RRS James Cook Expedition JC237, 6 AUGUST – 4 SEPTEMBER 2022. CLASS – Climate-linked Atlantic Sector Science Whittard Canyon and Porcupine Abyssal Plain Fixed Point Observatories

Huvenne, Veerle ORCID: 2024 RRS James Cook Expedition JC237, 6 AUGUST – 4 SEPTEMBER 2022. CLASS – Climate-linked Atlantic Sector Science Whittard Canyon and Porcupine Abyssal Plain Fixed Point Observatories. Southampton, National Oceanography Centre. (National Oceanography Centre Research Expedition Report, 80)

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JC237 was one of the main expeditions of the CLASS National Capability programme funded by NERC (UK). Delayed by two years as a result of the COVID-19 pandemic, the expedition combined two important pieces of observational work for the CLASS programme. The main aim of the cruise was to revisit key sites, last surveyed on JC125 in 2015, in the Whittard Canyon system on the Celtic Margin. This submarine canyon, and its protected area (The Canyons Marine Conservation Zone in English waters) is one of the long-term benthic time-series locations of the CLASS programme. The goal of the survey was to increase our understanding of benthic ecosystem change and recovery in the deep sea, under either natural (e.g. sediment flows, flank collapses) or anthropogenic (e.g. bottom trawling) environmental disturbance. Furthermore, the new datasets expand the general knowledge on the geological framework, sediment dynamics, current regimes and habitat distributions in land-detached submarine canyons – important connecting pathways between shelf and deep sea. The second CLASS-related aim was to carry out photographic surveys at the Porcupine Abyssal Plain Sustained Observatory (PAP-SO) – the longest-running deep-water observatory worldwide. Annual observations at this location create an invaluable record. The availability of an ROV (first time for the PAP-SO site) and a deep-water AUV (only second visit) during JC237 opened new opportunities for detailed sampling and extensive imaging of the benthic community. In addition, JC237 also had a technical demonstrator/development component: it was the first science expedition for the brand-new Autosub5 deep-water AUV and for the DeepGlider from MARS (the Marine Autonomous and Robotics Systems division at NOC). Furthermore, the Autosub5 was equipped with the new RoCSI eDNA sampler, enabling in-situ sampling and preservation of eDNA at depths up to 4500m. This demonstrator was part of the iAtlantic project. Overall, the expedition was a great success, with an extensive amount of data and samples collected (15 AUV missions with >250,000 photographs, 700k sidescan & multibeam, 60 RoCSI samples; 17 ROV dives, 45 days of DeepGlider observations, 21 CTD casts, 5 megacores, 12 gravity cores, 4 CPR transects and 10s of km2 of shipboard multibeam data collected). First interpretations have already illustrated coral expansion in some locations in the canyon, while geomorphological change seems limited.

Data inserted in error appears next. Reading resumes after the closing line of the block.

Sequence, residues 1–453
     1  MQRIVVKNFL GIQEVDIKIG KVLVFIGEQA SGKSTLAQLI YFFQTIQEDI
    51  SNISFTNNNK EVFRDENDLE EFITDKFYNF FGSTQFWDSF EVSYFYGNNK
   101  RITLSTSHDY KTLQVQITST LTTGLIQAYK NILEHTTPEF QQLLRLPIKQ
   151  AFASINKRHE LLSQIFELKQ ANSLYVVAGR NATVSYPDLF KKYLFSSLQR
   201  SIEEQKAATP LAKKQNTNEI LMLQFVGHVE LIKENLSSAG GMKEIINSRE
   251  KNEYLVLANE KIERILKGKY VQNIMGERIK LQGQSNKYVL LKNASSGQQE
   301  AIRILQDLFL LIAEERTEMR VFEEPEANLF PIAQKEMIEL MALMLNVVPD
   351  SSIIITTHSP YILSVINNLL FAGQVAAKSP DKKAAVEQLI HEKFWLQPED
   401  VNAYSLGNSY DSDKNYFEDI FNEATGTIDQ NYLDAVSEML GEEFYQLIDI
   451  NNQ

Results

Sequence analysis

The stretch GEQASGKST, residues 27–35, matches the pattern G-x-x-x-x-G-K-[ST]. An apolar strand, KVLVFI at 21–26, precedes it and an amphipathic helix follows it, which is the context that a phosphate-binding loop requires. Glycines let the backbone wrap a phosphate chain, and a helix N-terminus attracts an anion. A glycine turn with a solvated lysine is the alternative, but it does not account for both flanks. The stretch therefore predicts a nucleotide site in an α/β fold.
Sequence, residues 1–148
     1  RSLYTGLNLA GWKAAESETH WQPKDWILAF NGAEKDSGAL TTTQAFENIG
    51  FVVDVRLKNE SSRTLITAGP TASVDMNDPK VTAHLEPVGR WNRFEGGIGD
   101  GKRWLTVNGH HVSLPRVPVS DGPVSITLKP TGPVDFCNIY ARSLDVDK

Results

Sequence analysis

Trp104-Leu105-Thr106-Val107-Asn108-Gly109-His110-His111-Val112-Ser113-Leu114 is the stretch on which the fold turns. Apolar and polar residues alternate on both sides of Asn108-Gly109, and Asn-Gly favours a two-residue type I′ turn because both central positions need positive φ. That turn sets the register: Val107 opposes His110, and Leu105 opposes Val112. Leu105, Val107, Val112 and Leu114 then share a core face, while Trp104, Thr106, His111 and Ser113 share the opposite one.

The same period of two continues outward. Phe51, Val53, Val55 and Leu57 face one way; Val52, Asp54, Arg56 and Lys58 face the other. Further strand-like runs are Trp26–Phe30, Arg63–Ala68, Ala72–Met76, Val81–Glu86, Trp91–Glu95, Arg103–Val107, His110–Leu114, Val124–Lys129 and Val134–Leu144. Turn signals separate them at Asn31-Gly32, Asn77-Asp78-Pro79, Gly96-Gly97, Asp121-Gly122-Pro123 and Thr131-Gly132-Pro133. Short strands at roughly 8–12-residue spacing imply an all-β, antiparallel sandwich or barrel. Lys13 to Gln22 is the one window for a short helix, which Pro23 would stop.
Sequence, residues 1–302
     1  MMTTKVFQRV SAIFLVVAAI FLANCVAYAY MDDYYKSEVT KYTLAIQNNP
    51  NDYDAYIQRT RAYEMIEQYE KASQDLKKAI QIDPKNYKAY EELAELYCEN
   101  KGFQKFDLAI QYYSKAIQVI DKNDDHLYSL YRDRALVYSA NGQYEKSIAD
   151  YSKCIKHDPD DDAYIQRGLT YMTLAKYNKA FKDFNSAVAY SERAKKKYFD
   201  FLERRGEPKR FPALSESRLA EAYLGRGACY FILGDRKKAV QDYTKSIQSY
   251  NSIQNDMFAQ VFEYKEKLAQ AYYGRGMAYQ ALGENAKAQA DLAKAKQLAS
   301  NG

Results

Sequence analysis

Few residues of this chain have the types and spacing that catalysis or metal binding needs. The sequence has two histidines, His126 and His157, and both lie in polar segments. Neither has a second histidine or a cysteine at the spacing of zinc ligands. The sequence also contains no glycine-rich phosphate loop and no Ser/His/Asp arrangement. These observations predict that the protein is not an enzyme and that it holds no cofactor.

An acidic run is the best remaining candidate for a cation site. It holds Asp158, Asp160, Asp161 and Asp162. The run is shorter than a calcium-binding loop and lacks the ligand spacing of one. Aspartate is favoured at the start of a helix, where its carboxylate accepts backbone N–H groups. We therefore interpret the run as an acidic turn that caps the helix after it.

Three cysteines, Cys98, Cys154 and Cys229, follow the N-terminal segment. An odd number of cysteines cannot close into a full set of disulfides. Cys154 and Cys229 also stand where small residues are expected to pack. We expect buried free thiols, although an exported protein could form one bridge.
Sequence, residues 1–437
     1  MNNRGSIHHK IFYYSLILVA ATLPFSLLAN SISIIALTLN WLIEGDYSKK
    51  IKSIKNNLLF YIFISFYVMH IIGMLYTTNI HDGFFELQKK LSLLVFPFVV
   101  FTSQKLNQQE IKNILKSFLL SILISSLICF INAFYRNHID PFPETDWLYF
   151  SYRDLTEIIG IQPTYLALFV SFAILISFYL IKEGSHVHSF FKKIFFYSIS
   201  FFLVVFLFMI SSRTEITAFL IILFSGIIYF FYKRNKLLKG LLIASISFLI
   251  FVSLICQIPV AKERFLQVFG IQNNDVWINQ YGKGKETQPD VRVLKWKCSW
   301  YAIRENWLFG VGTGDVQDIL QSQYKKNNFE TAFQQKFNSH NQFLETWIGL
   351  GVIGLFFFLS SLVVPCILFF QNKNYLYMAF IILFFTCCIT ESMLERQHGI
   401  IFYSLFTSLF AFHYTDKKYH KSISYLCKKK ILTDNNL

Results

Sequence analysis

Item Type: Publication - Report
Funders/Sponsors: National Oceanography Centre
Additional Keywords: Submarine Canyon, The Canyons Marine Conservation Zone, Porcupine Abyssal Plain, Autonomous Underwater Vehicle, Remotely Operated Vehicle, Habitat Mapping
Date made live: 24 Jan 2024 10:32 +0 (UTC)

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